Parathyroid hormone
Parathyroid hormone is secreted by the parathyroid glands and is the most important regulator of blood calcium levels.

Dihydrotestosterone, a hormone with powerful androgenic actions, causes the body to mature during puberty and is responsible for many of the physical characteristics associated with adult males.

The hypothalamus is a part of the brain that has a vital role in controlling many bodily functions including the release of hormones from the pituitary gland.

Adrenocorticotropic hormone
Adrenocorticotropic hormone (ACTH) is produced by the pituitary gland. Its key function is to stimulate the production and release of cortisol from the cortex (outer part) of the adrenal gland.

Dehydroepiandrosterone is an important precursor hormone, and is the most abundant circulating steroid present in the human body. It has little biological effect on its own but has powerful effects when converted into other hormones such as sex steroids.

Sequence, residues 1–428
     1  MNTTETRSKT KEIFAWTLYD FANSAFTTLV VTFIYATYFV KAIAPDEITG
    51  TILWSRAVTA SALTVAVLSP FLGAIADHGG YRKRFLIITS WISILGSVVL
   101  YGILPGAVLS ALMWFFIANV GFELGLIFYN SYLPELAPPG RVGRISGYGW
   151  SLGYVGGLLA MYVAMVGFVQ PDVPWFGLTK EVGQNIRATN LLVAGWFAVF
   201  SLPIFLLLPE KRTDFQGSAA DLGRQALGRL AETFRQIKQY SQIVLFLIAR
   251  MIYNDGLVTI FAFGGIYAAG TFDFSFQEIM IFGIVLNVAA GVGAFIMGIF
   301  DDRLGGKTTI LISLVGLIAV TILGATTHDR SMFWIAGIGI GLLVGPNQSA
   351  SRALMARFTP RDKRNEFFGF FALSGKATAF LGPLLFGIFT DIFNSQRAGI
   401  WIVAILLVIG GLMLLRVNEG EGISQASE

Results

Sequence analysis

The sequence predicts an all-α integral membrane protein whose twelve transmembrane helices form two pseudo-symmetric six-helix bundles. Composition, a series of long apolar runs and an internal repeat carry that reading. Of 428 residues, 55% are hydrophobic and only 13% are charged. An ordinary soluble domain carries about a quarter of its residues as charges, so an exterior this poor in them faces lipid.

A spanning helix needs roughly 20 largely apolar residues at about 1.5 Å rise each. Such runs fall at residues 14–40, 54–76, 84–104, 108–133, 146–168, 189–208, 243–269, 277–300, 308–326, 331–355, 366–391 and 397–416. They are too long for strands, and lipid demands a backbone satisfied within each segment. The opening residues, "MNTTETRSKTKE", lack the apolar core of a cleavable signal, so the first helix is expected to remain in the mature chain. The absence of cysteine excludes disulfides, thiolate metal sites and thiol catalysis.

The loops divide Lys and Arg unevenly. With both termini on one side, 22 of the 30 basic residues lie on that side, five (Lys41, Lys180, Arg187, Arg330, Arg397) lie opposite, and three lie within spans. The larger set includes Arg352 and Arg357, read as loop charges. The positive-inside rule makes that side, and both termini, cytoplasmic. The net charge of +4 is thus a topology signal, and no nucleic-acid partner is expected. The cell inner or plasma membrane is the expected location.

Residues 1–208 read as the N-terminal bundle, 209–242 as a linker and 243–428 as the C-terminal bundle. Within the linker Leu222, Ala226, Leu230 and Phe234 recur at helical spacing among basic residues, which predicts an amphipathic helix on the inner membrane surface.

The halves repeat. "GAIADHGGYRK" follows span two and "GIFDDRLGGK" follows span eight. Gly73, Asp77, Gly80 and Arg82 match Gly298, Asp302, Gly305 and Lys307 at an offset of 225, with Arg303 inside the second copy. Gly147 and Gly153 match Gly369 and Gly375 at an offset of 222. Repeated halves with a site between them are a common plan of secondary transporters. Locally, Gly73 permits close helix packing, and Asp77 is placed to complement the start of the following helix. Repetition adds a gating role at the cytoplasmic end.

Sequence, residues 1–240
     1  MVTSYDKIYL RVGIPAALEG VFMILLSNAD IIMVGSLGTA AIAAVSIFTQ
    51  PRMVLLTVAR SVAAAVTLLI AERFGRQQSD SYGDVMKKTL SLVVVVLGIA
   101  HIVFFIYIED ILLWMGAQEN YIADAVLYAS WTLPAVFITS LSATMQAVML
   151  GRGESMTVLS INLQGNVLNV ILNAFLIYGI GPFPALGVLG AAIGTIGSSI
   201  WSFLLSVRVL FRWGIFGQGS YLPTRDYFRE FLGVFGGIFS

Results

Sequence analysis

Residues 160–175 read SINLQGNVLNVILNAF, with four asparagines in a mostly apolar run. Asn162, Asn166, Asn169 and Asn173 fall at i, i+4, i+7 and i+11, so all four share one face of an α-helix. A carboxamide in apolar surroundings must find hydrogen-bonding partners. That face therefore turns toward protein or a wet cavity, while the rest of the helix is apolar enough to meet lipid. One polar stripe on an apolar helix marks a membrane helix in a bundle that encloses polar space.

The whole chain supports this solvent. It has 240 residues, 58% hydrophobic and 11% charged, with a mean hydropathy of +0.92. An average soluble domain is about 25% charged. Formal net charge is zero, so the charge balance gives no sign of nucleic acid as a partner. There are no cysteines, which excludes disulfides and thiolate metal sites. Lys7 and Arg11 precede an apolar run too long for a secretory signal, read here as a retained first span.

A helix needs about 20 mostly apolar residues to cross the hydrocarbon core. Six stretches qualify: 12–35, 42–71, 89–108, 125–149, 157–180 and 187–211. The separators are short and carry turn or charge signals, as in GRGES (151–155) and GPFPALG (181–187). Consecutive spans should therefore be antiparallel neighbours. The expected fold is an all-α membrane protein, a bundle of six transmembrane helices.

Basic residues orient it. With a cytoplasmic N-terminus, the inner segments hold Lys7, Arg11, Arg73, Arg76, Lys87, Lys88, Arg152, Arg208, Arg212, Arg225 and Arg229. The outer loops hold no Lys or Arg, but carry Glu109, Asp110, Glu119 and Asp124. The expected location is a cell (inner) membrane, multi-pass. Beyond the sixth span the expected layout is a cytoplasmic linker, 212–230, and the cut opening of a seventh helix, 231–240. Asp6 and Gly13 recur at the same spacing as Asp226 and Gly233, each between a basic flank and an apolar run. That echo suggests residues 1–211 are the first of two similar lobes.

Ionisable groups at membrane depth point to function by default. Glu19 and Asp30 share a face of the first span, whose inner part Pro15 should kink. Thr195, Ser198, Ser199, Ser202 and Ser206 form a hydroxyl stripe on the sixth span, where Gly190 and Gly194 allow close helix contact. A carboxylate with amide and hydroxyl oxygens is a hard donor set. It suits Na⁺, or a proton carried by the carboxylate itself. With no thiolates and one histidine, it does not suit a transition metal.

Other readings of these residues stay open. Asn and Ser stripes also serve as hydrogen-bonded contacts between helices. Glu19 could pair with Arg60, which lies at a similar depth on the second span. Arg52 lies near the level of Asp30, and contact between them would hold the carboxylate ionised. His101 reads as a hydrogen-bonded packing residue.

Prolactin is a hormone produced in the pituitary gland, named because of its role in lactation. It also has other wide-ranging functions in the body, from acting on the reproductive system to influencing behaviour and regulating the immune system.

Cortisol is a steroid hormone that regulates a wide range of processes throughout the body, including metabolism and the immune response. It also has a very important role in helping the body respond to stress.

Thyroid stimulating hormone
Thyroid Stimulating Hormone (TSH) is produced by the pituitary gland. Its role is to regulate (by stimulating) the production of thyroid hormones by the thyroid gland.

Testosterone is a hormone that is responsible for many of the physical characteristics specific to adult males. It plays a key role in reproduction and the maintenance of bone and muscle strength.

What is HRT?
Hormone replacement therapy (or HRT) (also known as menopausal hormone therapy; MHT) is the replacement of female sex hormones oestrogen and progesterone in women to control symptoms of the menopause.

Thyroid gland
The thyroid gland is part of the endocrine system and produces thyroid hormones, which are important for metabolic health.

Adrenal glands